In regenerator 12, oxygen is supplied, via line 13, in molar excess. Preferably, the oxygen is supplied as air, in a ratio of about 2.0 or greater per mole of Fe(II) chelate in the mixture. Temperature of the mixture is preferably around 30 C., and pressure is suitably 25 psig. Regeneration in this manner has the added advantage of removing some water vapor, thus aiding in prevention of water build-up in the system and reducing bleed and make-up problems. It is not necessary that all of the Fe(II) chelate be converted.

Regenerated absorbent mixture, i.e., an absorbent mixture in which at least the bulk of the Fe(II) chelate has been converted to the Fe(III) chelate, is removed via line 14. As indicated, the mixture may be passed, (all, or part) to contactor 16, or into line 18 and through line 3 to contactor 1.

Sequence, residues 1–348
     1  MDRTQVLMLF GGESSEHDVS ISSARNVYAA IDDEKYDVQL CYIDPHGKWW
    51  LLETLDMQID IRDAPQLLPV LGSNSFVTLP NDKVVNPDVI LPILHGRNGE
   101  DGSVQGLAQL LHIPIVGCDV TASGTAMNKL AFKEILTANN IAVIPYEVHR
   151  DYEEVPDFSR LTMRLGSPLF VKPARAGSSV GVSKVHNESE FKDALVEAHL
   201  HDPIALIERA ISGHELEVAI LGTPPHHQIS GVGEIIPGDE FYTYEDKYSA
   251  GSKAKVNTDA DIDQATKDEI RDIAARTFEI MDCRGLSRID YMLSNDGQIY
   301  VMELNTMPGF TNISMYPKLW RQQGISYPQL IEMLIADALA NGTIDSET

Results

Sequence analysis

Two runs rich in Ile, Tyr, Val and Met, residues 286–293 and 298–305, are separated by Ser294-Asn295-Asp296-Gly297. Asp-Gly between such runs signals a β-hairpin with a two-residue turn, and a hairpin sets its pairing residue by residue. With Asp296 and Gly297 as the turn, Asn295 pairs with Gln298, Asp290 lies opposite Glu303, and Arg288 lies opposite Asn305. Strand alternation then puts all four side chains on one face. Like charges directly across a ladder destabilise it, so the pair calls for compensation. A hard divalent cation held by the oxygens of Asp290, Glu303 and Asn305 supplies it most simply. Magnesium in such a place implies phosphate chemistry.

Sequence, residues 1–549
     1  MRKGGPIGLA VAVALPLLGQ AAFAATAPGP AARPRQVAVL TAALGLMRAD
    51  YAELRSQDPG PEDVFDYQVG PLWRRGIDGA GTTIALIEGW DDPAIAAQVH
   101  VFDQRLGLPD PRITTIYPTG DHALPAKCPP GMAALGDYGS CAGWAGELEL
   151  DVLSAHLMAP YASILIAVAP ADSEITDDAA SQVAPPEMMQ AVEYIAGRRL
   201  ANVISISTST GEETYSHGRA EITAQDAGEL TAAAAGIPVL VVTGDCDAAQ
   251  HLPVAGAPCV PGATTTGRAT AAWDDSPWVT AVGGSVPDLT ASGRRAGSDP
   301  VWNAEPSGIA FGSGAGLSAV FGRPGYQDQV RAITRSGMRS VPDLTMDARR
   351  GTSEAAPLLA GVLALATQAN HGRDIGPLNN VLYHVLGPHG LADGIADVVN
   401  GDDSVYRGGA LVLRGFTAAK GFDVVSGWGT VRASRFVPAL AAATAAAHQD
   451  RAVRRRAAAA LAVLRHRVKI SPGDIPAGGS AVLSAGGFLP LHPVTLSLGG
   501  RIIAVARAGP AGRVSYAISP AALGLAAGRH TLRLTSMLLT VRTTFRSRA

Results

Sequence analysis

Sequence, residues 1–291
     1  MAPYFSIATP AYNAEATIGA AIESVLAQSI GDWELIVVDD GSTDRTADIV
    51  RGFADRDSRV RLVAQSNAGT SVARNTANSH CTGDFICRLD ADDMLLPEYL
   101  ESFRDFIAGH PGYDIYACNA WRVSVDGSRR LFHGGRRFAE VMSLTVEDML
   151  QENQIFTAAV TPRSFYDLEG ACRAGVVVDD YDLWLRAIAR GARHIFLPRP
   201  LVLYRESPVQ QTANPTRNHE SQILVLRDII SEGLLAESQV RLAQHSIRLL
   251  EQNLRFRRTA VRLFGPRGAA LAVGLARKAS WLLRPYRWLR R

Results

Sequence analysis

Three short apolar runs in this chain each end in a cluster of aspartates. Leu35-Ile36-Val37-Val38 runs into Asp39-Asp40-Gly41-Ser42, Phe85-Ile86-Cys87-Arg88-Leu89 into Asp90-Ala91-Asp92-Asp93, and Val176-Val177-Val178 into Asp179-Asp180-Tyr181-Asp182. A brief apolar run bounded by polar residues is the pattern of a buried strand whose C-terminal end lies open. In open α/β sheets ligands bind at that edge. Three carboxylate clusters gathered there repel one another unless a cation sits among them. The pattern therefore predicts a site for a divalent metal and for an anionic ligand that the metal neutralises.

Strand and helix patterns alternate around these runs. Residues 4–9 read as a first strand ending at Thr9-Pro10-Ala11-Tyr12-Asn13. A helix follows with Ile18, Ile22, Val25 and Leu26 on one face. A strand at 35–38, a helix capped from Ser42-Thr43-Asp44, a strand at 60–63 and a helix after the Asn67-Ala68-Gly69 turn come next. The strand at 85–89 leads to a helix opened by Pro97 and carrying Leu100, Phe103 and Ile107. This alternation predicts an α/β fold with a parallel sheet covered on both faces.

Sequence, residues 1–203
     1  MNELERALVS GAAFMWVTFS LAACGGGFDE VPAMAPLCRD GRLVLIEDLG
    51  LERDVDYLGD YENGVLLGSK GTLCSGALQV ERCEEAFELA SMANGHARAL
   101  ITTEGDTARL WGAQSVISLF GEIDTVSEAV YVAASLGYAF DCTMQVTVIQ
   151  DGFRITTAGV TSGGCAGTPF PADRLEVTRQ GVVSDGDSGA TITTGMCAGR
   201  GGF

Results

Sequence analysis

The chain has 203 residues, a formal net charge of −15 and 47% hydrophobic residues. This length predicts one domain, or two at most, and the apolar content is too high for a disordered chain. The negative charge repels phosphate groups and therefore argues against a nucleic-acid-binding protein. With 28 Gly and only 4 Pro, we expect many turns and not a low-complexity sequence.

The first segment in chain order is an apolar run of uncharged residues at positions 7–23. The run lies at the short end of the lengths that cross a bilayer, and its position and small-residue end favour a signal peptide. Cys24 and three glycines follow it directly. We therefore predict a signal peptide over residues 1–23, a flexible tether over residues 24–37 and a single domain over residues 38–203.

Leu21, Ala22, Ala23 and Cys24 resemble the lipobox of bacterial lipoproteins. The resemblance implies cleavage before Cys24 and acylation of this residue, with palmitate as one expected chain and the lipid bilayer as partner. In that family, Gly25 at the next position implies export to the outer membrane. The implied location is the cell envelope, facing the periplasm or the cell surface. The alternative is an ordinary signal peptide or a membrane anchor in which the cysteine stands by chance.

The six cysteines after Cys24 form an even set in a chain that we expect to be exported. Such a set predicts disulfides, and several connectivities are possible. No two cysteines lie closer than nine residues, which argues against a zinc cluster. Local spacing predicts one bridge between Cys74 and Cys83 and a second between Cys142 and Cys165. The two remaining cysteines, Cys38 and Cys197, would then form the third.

In the embodiment of FIG. 3, the operation of units 1, 2, 4 through 9, and 11 through 13 is similar to that of corresponding units of the embodiment of FIGS. 1 and 2. However, the treatment of the H2 S (and CO2, if desired) from the hydrolysis is different, and the return of the regenerated reactant mixture is direct. Specifically, the gas stream in line 9 enters absorber 20 wherein it is contacted with an absorbent solution, e.g., an aqueous solution containing 2 molar diisopropanolamine. Absorber 20 is preferably a tray absorption column, although other types may be used. H2 S is absorbed from the gas stream, CO2 being rejected and exiting absorber 20 via line 21. Conditions for absorbing the H2 S (and rejecting CO2) are well known, and form no part of the invention. The H2 S-containing "loaded" absorbent exits absorber 20 via line 22, and passes to stripping or regeneration column 23 wherein the H2 S is stripped from the absorbent, preferably by heat supplied as steam. "Lean" absorbent is returned via line 24 for re-utilization in absorber 20, while H2 S is removed via line 25. The H2 S in line 25 may be treated in any suitable fashion, but is preferably returned to contactor 1, either directly, or via line 2. If CO2 has been absorbed to any extent, provision may also be made for its removal or recovery. Concomitantly, the regenerated reactant mixture from regeneration column 12 is passed, via lines 26 and 3 to contactor 1. Sulfur recovery may be made prior or subsequent to regeneration (shown as dotted line boxes).